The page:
Modern HVAC systems and industrial cooling towers generally use film fill, which is constructed of stacked, tightly-packed plastic
sheeting. Film fill rejects heat better than older wooden slat designs due to its greater surface area and increased water-to-air contact. This allows smaller, space-saving tower designs and lowers the initial capital investment. One trade-off is that film fill is much more susceptible to fouling problems
Under certain conditionsa mineral deposit can accumulate on the outer edges of the fill. This type of deposit is called deposition from Total Evaporation (TE). Small amounts of this scale usually do not affect tower performance, but severe fouling can obstruct airflow and interfere with efficient tower operation
In towers with high or constant fan speed, the air draft tends to draw the curtain of water toward the middle of the tower. To reduce overall energy use, newer systems can be designed so fans are staged, fan speed reduced, or fans stopped when tower water temperatures reach a programmed set point. The sudden, reduced airflow across the tower allows the flowing curtain of water to fall more to the outside edge of the plastic fill. The outside edges now become the wetted surfaces. When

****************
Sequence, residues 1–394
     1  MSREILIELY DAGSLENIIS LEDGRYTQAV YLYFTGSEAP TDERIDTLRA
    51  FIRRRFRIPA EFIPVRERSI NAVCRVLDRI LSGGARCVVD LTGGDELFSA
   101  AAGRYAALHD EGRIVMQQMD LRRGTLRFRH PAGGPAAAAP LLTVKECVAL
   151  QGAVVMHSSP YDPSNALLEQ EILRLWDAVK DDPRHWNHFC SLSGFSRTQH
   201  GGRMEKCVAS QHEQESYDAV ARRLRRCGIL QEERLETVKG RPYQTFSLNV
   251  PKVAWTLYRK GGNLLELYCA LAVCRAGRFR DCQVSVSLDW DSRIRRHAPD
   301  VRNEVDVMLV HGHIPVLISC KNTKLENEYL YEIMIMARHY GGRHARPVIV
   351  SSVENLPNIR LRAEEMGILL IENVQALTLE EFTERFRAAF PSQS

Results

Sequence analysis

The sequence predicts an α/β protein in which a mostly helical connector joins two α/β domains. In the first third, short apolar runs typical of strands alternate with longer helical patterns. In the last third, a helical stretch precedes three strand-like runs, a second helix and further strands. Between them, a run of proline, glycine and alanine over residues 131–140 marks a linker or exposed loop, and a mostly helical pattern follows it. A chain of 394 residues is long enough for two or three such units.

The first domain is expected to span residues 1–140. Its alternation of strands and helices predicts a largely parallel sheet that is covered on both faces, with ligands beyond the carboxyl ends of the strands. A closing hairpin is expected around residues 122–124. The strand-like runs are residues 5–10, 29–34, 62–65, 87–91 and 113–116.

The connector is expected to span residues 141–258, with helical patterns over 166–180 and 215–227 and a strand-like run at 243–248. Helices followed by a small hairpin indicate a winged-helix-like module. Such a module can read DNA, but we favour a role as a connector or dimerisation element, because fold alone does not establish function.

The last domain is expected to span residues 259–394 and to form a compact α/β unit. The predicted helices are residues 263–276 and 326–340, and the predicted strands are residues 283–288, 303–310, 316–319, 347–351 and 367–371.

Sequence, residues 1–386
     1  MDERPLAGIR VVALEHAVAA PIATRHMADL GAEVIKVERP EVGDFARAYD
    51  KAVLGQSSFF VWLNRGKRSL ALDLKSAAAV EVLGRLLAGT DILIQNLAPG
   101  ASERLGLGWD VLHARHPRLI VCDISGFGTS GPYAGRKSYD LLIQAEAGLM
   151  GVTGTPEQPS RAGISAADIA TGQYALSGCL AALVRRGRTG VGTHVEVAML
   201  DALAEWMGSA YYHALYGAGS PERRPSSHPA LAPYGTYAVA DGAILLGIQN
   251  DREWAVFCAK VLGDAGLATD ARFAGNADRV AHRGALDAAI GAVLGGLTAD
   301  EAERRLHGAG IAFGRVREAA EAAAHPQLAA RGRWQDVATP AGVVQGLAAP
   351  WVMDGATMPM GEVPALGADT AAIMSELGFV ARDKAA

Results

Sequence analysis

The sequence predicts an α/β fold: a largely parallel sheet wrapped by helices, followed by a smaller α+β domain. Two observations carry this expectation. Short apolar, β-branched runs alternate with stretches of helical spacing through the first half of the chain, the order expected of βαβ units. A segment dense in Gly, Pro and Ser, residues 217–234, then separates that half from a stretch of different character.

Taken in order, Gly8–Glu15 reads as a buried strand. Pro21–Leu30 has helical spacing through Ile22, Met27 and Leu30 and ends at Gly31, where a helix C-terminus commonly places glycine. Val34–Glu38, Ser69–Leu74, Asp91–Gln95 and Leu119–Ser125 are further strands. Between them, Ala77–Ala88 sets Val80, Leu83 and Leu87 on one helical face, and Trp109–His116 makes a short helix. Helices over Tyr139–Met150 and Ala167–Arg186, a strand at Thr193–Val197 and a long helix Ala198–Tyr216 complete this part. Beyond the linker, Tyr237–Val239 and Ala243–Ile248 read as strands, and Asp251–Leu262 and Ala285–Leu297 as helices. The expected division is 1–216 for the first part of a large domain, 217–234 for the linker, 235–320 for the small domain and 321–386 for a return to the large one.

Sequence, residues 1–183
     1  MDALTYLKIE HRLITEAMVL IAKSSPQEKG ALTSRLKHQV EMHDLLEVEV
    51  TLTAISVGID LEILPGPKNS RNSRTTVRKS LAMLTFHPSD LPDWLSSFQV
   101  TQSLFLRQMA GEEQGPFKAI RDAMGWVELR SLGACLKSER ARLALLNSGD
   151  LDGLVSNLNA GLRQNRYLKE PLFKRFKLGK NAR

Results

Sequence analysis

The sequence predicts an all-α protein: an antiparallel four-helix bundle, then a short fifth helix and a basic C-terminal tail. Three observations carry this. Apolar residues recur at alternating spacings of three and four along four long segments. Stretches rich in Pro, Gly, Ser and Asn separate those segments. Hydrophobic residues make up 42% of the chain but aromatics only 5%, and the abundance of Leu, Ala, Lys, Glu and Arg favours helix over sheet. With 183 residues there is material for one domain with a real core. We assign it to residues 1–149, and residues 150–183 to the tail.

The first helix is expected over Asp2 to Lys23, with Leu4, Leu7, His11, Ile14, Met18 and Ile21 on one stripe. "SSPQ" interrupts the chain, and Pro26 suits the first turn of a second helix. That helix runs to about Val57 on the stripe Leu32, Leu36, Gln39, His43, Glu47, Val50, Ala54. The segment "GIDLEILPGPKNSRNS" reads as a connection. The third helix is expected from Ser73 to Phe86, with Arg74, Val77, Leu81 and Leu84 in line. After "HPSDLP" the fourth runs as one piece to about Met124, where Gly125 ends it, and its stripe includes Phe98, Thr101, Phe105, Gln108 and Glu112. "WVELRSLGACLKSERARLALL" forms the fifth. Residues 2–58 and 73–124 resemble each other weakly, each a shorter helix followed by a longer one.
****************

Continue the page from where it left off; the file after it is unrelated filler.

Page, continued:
fans are restarted or adjusted to a higher speed, the increased airflow tends to draw the thin sheet of water back to the central fill area. The water film on the outside edges dries out as air moves over it, leaving the dissolved minerals behind. Gradually, the build-up grows and the deposit becomes appreciable. The condition is worsened when mineral concentrations are close to the solubility limits where scale can start to form.
TE can also be a problem in towers that are oversized based on normal load conditions, such as a common tower (or connected tower cells) handling multiple chillers that are staged according to load. The tower is sized for the combined chiller load. When the number of chillers online is varied depending on climatic conditions, airflow, and/or water flows are reduced from design capacity and TE deposition will be more noticeable.
Diagnosing TE DepositsThe location of the deposits and laboratory analyses are important to confirming that TE is occurring and its cause. Analyses of the deposit, makeup and cooling system water, and an understanding of how the towers are operated are all used to diagnose the problem. As a general rule, if water-soluble compounds, such as sodium chloride (salt) are present in the deposit and intermittent wet-dry conditions exist on the outside tower fill, then TE is the likely cause.
The absence of water-soluble compounds does not rule out TE, but water chemistry should be checked. Analyses may indicate that over-concentration of specific minerals is occurring at the outside edge, especially if the system is being operated at or near maximum allowable cycles of concentration. Localized mineral precipitation in these high airflow areas does not necessarily mean that there is a bulk-water scaling problem in the condenser or heat exchange areas, especially if there is good control of cycles of concentration and the proper treatment parameters are being followed. To help confirm this, other factors should be looked at, such as chiller condenser head pressures, approach temperatures, and water composition.